Yes, the title of this post is a shameless Halloween reference, but the underlying issues in a recent federal court decision from Oklahoma are important to royalty litigation practitioners. The case is Jerry Venable Revocable Family Tr. v. Chesapeake Operating, LLC, 2017 WL 4052808 (W.D. Okla. 2017).
Here’s what happened: some royalty owners filed a class action complaint against Chesapeake in Beaver County in the Oklahoma panhandle. Chesapeake removed the case to federal court under the Class Action Fairness Act (CAFA), but the royalty owners filed a motion to remand the case back to state court. The royalty owners claimed the case fell under the so-called “home state exception” to CAFA jurisdiction, which prevents removal to federal court when 2/3 of the proposed class and the defendant are both “citizens” of the removal state (here, Oklahoma).
To prove that 2/3 of the proposed class were Oklahoma citizens, the Plaintiffs hired a statistics expert. This expert used random sampling and other statistics tools to make that case that 2/3 of the proposed class were Oklahoma citizens and submitted an affidavit to the Court alongside the Plaintiffs’ motion to remand.
The expert and the royalty owners’ motion ran into two problems, however.
- First, the expert’s data did not take into account that around 14% of the proposed class were trusts (legal entities), whose citizenship is determined by the citizenship of their underlying members/beneficiaries, which was apparently unknown.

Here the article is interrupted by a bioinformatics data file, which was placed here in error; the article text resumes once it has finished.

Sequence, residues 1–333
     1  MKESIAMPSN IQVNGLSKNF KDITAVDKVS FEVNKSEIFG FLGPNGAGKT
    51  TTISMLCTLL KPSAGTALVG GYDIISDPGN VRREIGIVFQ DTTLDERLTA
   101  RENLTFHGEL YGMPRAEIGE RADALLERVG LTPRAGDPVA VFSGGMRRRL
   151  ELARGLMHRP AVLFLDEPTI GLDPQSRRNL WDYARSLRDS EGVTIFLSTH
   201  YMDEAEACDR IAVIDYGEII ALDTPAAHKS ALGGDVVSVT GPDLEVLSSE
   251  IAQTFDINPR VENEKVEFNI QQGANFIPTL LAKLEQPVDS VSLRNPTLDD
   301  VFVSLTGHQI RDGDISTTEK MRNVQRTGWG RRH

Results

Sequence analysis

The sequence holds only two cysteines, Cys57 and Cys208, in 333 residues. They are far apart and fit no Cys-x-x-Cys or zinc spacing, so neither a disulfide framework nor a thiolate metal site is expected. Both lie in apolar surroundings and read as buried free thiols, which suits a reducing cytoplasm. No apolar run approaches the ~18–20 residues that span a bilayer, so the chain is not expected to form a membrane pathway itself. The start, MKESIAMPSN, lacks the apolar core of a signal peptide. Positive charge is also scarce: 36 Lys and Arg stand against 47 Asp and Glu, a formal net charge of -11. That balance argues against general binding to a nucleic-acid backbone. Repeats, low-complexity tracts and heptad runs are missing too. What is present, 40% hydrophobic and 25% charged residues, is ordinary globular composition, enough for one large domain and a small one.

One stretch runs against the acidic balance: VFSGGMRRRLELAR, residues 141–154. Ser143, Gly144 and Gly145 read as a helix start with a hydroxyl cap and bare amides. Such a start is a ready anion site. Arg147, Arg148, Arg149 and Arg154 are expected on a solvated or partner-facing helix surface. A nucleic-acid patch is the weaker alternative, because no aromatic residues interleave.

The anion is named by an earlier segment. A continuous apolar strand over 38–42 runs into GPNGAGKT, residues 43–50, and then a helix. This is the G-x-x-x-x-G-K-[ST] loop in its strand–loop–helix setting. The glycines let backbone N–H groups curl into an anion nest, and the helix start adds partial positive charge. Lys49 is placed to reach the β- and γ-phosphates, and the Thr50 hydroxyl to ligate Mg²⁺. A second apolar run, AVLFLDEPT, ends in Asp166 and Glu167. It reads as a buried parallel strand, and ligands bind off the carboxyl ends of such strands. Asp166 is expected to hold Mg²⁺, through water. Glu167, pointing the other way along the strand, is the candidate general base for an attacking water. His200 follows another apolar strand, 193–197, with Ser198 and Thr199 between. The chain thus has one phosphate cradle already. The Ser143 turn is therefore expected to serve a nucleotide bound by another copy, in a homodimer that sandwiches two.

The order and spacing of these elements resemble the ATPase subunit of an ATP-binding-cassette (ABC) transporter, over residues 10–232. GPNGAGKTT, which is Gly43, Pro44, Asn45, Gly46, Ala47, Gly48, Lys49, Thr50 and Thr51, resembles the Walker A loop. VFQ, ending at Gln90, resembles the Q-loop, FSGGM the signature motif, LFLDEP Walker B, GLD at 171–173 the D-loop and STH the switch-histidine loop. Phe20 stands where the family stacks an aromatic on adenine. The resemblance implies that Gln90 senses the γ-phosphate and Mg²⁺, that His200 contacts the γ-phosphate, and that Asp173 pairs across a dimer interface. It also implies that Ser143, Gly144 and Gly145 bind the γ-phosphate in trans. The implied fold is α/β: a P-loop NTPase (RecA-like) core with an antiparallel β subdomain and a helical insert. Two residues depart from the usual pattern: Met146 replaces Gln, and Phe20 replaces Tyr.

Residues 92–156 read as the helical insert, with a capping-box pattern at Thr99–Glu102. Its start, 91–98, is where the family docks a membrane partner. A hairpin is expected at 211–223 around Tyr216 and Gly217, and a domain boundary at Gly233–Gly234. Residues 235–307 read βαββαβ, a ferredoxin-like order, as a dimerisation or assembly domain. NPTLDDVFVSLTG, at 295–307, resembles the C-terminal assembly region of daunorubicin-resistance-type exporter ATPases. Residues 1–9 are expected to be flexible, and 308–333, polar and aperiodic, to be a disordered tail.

- Second, “the Court found a number of individuals that were found to be Oklahoma citizens on plaintiff’s counsel’s data compilation that [other data provided by the expert] indicated were deceased.”
Obviously, this was an embarrassing mistake, but the presence of dead royalty owners in the expert’s calculations also had legal consequences. Namely, the Court would need to know the citizenship of the dead royalty owners’ heirs, which was unknown, in order to determine whether the 2/3 Oklahoma citizens threshold under CAFA had been met.
This case the highlights the need for royalty class action attorneys to understand the nuances of determining and proving state citizenship (for corporations, LLCs, trusts, deceased potential class members, etc). These issues are especially important in complicated “overlapping,” parallel, or “gerrymandered” class actions where class definitions often refer to residents or citizens of certain states in order to avoid removal under CAFA. Indeed, in most of these situations, the procedural and jurisdictional nuances become like a tortuous civil procedure and federal courts exam from law school. Best to stay up to date and do your jurisdictional homework. Otherwise, you risk being haunted by deceased class members, as here.